L.A. Braces For King Of Pop's Public Memorial
RENEE MONTAGNE, host:
Today is the day for saying goodbye to Michael Jackson. It starts with a private service at a cemetery in the Hollywood Hills and it ends with a star-filled memorial at Staples Center in downtown L.A. Across the country, millions of Jackson fans will watch on television. As NPR's Carrie Kahn reports, only a lucky few will get into the arena.
CARRIE KAHN: Police have blocked off the streets for two square blocks around Staples Center, and the only way to get past the barricades is with a ticket and a wristband. One-point-six million entered a lottery to get them, fewer than 20,000 did.
(Soundbite of screaming)
KAHN: Squeals and screams came from cars yesterday at Dodgers Stadium as lucky recipients came to claim their tickets. Minar Garcia(ph), a local computer specialist, said he couldn't believe when he opened his email and got the notification.
Mr. MINAR GARCIA (Computer Specialist): When I saw mine said I was a winner, I was like, whoa. I almost fell out my seat.
KAHN: Jackson fan Sherry Howell(ph) said she was also a winner but she thought it was more important for her kids to go to the memorial. She says she gave them her tickets.
Ms. SHERRY HOWELL: I have a legacy inside me, and they need this. They need to see what music is built on and what it's about.
KAHN: Daniel Hernandez says he signed up for a ticket as a fluke but he's thrilled his name was drawn. After joking about maybe selling his ticket, the local wardrobe stylist says he feels like he's part of history.
Mr. DANIEL HERNANDEZ (Wardrobe Stylist): It's like, you know, when Princess Di died. You want to be part of the experience. I mean, it's a cultural experience that not a lot of people are going to be able to have.
KAHN: It's all those disappointed people who didn't win a ticket that have city officials in L.A. worried. Police have repeatedly told citizens and visitors to stay away from downtown. They've deployed 1,400 cops around Staples Center, and the big Jumbotron screen outside the auditorium will not be carrying the memorial, says Assistant Chief Earl Passenger.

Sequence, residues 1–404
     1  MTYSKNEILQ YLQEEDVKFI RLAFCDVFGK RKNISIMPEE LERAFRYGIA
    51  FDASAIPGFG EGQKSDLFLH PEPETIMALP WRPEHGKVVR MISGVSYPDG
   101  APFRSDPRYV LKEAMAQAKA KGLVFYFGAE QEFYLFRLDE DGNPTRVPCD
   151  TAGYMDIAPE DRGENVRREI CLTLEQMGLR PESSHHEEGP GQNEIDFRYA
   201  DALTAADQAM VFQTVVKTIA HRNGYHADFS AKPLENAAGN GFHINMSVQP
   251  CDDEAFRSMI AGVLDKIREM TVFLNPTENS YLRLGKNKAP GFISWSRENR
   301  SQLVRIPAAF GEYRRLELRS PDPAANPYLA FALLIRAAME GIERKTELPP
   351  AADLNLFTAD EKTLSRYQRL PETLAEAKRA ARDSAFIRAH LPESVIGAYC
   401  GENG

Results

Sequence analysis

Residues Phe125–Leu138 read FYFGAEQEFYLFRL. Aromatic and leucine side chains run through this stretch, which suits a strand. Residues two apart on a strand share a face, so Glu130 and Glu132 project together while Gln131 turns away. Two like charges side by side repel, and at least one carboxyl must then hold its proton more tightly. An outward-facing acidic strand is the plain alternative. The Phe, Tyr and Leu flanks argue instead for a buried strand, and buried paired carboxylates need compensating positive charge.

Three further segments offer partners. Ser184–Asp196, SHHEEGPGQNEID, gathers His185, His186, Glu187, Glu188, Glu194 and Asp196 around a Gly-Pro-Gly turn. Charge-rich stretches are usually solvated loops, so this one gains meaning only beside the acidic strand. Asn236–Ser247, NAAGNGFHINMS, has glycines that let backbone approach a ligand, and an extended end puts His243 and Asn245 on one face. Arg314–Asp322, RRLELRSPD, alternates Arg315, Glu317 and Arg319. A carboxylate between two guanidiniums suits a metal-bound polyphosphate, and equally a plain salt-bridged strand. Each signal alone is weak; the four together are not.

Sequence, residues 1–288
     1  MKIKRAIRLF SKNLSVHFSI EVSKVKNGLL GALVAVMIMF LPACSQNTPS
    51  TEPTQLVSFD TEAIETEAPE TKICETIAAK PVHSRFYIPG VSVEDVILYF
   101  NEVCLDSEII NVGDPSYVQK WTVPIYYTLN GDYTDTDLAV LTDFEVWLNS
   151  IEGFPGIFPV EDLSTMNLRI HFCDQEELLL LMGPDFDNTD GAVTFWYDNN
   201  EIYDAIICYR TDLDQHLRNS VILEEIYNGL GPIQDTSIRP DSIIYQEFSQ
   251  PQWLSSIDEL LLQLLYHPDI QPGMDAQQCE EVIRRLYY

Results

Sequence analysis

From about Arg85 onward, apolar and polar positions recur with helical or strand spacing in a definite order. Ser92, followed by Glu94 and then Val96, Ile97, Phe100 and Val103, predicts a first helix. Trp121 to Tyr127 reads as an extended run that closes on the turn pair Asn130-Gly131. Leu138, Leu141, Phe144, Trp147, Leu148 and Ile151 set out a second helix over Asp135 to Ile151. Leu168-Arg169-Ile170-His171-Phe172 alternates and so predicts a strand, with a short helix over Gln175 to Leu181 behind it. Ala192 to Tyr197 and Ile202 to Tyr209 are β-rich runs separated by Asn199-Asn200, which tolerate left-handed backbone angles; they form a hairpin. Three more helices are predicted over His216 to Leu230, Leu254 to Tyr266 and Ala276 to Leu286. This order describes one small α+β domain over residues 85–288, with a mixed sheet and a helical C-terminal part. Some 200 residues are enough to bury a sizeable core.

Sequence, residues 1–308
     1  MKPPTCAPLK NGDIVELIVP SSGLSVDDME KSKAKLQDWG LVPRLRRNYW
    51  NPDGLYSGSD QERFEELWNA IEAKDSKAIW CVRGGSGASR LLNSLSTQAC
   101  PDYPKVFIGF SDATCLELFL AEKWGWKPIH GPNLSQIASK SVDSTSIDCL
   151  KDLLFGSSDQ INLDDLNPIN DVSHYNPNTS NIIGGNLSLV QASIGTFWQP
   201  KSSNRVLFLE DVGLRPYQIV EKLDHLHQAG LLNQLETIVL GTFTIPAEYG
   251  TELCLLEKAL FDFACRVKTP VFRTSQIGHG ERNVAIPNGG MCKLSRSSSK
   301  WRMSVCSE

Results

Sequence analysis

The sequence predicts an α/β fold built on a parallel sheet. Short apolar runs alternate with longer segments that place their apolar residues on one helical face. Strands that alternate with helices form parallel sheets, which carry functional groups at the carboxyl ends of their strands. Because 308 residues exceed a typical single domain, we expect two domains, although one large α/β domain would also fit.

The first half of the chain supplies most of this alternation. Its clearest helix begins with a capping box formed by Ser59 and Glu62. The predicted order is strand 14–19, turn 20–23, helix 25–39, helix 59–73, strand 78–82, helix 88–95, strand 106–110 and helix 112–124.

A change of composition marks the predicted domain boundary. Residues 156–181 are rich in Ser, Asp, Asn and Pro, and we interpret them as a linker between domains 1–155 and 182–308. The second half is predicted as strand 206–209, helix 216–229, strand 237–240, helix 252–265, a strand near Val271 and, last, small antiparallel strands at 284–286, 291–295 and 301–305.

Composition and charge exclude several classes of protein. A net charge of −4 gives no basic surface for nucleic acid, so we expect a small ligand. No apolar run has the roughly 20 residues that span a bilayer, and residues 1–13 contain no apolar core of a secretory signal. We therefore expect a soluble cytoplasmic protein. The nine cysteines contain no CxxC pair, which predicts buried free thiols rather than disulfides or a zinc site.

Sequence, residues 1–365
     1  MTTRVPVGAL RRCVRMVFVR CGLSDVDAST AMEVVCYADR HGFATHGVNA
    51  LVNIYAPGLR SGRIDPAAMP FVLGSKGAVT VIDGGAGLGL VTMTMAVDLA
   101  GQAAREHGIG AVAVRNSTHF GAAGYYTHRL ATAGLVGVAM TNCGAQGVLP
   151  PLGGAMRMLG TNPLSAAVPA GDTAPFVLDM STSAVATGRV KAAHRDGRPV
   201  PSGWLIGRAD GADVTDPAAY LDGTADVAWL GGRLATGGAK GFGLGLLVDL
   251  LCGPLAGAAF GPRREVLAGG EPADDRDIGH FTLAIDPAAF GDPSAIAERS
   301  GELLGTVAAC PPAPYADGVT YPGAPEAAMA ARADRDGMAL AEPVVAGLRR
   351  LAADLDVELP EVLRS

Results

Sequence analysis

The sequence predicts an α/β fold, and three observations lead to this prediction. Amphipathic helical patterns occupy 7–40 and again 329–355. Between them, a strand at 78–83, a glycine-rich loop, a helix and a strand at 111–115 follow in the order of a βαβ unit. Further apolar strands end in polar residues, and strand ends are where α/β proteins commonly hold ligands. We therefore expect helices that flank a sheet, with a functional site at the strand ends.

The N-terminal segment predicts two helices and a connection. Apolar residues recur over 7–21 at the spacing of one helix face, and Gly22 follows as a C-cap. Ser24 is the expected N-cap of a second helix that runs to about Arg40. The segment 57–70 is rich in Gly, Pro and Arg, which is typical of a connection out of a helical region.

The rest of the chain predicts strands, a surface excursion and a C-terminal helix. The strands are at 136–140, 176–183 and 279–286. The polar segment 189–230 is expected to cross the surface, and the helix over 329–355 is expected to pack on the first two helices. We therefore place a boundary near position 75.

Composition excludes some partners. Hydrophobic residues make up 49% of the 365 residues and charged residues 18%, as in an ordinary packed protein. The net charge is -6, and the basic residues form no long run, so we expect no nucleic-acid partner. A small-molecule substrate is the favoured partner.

Assistant Chief EARL PASSENGER (Los Angeles Police Department): There will be nothing to see. Yur best advice - our best advice is to stay at home and watch the ceremony from the comfort of your home.
KAHN: The Jackson family says the star-studded guest list includes Stevie Wonder, Mariah Carey, Usher and Kobe Bryant. Long-time Jackson friend Elizabeth Taylor will stay at home and grieve in private.
Meanwhile, the fight over who will control Jackson's estate continues to play out in an L.A. court. Yesterday, a judge took temporary control away from Jackson's mother and gave it to two men - one a family friend and the other an entertainment lawyer. Jackson named both as co-executors in his will. Attorney Howard Weitzman represents the men.
Mr. HOWARD WEITZMAN (Attorney): It's our obligation, our duty, our responsibility and our desire to do everything we can to carry out Michael Jackson's wishes, maximizing the assets of this estate and allowing his fans to continue to enjoy the great legacy that he brought to all of us.
KAHN: But Katherine Jackson, the singer's mom, says she's concerned about the two men holding all the keys to the kingdom.
For now, fans like Paul Black, an L.A. film student from Australia, just want to pay tribute to Jackson's life and his music.
Mr. PAUL BLACK (Film Student): It's really just about everybody coming together and saying goodbye and celebrating Michael's life and having some closure. And that means a lot to me and it means a lot to a lot of fans.
KAHN: Black was able to sign the huge white tribute board in front of Staples Center before police blocked off all the streets. Luckily, he'll be able to come back this morning to pay his respects to Michael Jackson again. He got one of the free lottery tickets.
Carrie Kahn, NPR News.